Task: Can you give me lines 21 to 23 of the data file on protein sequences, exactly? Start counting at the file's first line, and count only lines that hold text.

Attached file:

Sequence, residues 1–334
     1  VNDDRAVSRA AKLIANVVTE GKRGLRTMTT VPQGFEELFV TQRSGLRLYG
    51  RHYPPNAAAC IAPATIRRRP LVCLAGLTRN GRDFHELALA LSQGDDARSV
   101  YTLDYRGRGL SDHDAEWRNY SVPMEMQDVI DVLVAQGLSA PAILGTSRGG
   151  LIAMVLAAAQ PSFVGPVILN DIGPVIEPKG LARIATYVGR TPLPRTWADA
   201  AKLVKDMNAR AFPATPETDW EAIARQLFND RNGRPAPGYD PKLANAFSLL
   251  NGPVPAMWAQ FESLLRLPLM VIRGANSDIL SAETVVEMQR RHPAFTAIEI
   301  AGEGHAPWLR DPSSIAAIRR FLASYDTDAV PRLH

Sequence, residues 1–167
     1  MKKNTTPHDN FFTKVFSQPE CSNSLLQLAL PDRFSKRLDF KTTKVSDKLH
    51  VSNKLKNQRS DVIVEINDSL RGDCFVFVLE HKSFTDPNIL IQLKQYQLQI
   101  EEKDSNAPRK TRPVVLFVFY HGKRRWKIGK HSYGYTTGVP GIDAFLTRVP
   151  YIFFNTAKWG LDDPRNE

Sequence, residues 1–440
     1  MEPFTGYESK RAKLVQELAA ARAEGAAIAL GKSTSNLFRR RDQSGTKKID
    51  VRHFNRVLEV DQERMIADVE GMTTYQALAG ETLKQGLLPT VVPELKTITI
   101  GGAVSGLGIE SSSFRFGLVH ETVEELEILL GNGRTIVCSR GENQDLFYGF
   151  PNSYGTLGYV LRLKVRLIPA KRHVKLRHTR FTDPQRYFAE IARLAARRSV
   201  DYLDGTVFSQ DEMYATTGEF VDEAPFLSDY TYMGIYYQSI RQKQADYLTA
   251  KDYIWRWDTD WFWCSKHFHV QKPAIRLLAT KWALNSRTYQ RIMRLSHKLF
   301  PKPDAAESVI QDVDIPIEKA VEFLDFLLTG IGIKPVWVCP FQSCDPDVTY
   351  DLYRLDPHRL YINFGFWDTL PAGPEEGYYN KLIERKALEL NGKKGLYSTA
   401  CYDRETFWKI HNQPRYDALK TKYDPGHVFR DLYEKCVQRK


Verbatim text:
   301  PKPDAAESVI QDVDIPIEKA VEFLDFLLTG IGIKPVWVCP FQSCDPDVTY
   351  DLYRLDPHRL YINFGFWDTL PAGPEEGYYN KLIERKALEL NGKKGLYSTA
   401  CYDRETFWKI HNQPRYDALK TKYDPGHVFR DLYEKCVQRK